Choropleth Map... How to Tackle Without Copy/pasting?

I’m making my way through the Data Visualization projects and I’m at the Chloropleth Map part right now. So far in the prior data visualization projects I’ve spent a lot of time learning about d3 and whatnot. I can look at the raw data and learn what I should be doing in my code from studying it. But this project is just so convoluted with the arcs and geometry stuff, that I feel like all I can do is just copy and paste the example project code to an extent. But that’s not right because I learn practically nothing. plus well… it’s cheating.

So how would you guys go about learning what’s necessary to learn for this project?

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When I encountered the choropleth map, I spent a long time trying to look up how to do this. I couldn’t understand the original documentation. Not even looking at the actual code in the example helped me understand what was going on, so I gave up and moved on to the back-end certifications. Later, I came back and decided to tackle the map again, but with a new strategy:

Fork the example code (there’s no shame in doing this), and just start deleting the parts you know have nothing to do with drawing the map. You will reduce the code down to the bare-bones needed to draw the map, which is the hardest part of figuring out this project. Then start commenting out aspects of the bare-bones structure, changing values and variable names around to see what the effect is. That way you’ll ‘sort of’ know what each part is doing.

To save you time, because I can empathize with how extremely frustrating this project is, I’ll show you the few lines you need to draw the map:

  const path = d3.geoPath(); //the method that does the actual drawing, which you'll call later

      .selectAll("path")  // should be familiar, adding "path" for all data points, like adding 'rect'
      .data(topojson.feature(data2, data2.objects.counties).features) // here you convert topojson data to geojson data. I have no idea how the math works. Topojson is like a 'compressed' version of geojson
      .attr("d", path)  // don't know what 'd' is, but it seems analogous to "x-y-cordinates", and path seems to tell the coordinates where to go using magical math 

Once you have the actual map drawn, I’m sure you can figure out the rest as they’re nothing new. Well, maybe the color scale is new, but even if you don’t know how that works, you can brute force it by creating your own array of colors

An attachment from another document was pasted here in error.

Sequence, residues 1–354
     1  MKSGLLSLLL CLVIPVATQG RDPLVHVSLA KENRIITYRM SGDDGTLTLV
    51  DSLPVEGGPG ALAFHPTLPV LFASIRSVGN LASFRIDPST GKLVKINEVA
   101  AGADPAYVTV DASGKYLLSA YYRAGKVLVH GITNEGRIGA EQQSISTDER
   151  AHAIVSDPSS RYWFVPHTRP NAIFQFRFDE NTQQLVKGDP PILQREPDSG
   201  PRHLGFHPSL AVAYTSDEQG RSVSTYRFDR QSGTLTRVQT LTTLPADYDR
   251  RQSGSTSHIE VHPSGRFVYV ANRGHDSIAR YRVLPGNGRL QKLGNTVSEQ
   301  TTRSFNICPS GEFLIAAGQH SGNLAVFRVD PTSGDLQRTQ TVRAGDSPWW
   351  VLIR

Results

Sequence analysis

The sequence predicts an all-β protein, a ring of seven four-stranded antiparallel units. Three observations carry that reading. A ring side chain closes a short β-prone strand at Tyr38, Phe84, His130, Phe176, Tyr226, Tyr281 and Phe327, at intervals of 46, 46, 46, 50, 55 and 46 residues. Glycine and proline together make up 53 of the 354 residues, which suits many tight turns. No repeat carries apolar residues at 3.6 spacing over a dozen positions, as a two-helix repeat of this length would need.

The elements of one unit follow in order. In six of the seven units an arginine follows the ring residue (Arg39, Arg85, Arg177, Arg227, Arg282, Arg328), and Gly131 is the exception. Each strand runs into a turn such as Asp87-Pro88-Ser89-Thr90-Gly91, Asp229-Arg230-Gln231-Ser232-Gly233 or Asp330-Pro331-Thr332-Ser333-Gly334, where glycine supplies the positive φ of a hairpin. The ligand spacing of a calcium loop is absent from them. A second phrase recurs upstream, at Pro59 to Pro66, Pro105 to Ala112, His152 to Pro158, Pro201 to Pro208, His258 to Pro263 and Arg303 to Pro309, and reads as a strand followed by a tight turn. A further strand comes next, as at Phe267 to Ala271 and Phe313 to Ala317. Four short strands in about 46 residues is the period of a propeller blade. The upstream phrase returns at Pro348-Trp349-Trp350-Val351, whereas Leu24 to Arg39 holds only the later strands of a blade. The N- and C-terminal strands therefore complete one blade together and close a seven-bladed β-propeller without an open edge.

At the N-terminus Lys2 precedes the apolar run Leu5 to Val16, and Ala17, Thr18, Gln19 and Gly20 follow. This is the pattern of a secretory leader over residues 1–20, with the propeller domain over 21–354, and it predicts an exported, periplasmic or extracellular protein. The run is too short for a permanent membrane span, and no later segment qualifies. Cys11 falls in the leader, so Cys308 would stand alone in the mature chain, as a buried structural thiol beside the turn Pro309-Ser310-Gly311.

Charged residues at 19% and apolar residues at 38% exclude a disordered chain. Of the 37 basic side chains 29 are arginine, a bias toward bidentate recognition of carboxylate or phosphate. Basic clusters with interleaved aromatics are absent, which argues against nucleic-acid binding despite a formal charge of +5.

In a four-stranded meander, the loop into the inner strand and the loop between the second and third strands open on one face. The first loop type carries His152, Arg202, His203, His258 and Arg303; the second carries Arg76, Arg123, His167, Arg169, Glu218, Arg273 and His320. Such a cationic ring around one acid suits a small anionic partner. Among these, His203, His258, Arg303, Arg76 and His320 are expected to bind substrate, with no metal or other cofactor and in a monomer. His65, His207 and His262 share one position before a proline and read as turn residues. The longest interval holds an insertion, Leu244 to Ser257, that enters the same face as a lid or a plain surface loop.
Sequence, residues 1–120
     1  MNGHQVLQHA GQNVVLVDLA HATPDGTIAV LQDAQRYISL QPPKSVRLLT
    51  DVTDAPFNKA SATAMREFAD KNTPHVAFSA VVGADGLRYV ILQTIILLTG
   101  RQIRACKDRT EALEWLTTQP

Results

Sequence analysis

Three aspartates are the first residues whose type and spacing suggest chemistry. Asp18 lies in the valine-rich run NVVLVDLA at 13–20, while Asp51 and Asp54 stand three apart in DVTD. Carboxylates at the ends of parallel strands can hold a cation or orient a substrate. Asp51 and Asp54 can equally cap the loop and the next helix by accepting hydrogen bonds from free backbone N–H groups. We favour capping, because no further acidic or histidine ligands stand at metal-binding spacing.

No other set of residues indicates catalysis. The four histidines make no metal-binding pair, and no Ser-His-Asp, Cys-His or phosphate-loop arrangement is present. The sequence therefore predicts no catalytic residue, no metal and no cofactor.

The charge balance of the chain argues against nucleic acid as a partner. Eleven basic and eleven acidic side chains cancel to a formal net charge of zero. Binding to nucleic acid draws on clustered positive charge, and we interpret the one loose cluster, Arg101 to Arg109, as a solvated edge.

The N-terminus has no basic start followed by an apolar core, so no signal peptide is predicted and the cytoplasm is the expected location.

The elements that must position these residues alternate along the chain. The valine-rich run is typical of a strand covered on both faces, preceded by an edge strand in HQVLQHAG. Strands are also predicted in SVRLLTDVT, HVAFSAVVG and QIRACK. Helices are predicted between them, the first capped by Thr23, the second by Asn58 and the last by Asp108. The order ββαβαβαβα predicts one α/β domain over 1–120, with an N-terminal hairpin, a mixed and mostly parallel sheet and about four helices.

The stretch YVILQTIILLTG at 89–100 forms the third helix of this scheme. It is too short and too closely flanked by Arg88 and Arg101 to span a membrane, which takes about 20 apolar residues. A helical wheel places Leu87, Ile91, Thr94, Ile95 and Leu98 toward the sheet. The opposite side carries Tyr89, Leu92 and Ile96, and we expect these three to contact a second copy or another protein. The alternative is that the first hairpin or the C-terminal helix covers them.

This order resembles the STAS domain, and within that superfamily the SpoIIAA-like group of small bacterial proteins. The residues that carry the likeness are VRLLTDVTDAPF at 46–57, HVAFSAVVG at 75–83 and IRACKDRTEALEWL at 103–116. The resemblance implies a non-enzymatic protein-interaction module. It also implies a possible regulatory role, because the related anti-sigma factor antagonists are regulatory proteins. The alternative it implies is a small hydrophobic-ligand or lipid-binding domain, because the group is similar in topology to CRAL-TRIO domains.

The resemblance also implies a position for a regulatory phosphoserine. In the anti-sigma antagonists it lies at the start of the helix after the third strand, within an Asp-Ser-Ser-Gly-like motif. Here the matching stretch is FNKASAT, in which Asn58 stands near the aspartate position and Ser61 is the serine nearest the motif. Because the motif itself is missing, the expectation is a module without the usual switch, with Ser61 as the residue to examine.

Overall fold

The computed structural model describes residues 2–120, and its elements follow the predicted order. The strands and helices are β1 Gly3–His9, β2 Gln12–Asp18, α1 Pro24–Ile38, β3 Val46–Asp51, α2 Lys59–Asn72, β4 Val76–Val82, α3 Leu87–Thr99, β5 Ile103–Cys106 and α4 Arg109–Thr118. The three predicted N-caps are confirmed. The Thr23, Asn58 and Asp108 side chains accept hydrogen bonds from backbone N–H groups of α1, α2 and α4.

Oh, and the above only adds county data. This alone will pass the tests. There’s another snippet of code in the example that adds state borders as well. You don’t need it, but you’re essentially doing the same thing, except you specify data2.objects.states instead of data2.objects.counties (again you can refer to the example code). If you study the json file, you’ll see that it’s broken up into states and counties. You’ll have to do a lot of scrolling though, and it’s easy to miss where counties end and states begin.


Oh, and another thing: “fips” in education data correspond to “id” in counties data, so when fips = id, then that means it’s the same county from each respective json. This isn’t immediately obvious just looking at the data as we’re dealing with 2 massive datasets here, so I think they should have clarified this.

And also note that you’ll need to import both data sets. If you’re using the import method shown to us in the challenges, then you can only import 1 json at a time. I’ll assume you already know about asynchronous functions and how to deal with those.

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Thanks a lot for the advice. I know enough about asynchronous stuff to get by. But honestly I don’t think FCC has taught about that yet; I learned it elsewhere.

I was also struggling with how to get started with this project , because, unlike the previous ones, there AREN’T any lessons in the course about how to render this kind of maps with D3 and all tutorials and guides about the topic I could find outside FCC seemed overly convoluted.

Your solution also did the trick for me, and with few and pretty easy to understand lines of code. Thanks a lot for sharing it!


let path = d3.geoPath()


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This helped me a lot!!

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the project itself seems to be a fork of this example from the d3 docs… , which is probably why there’s a variable called unemployment at the top.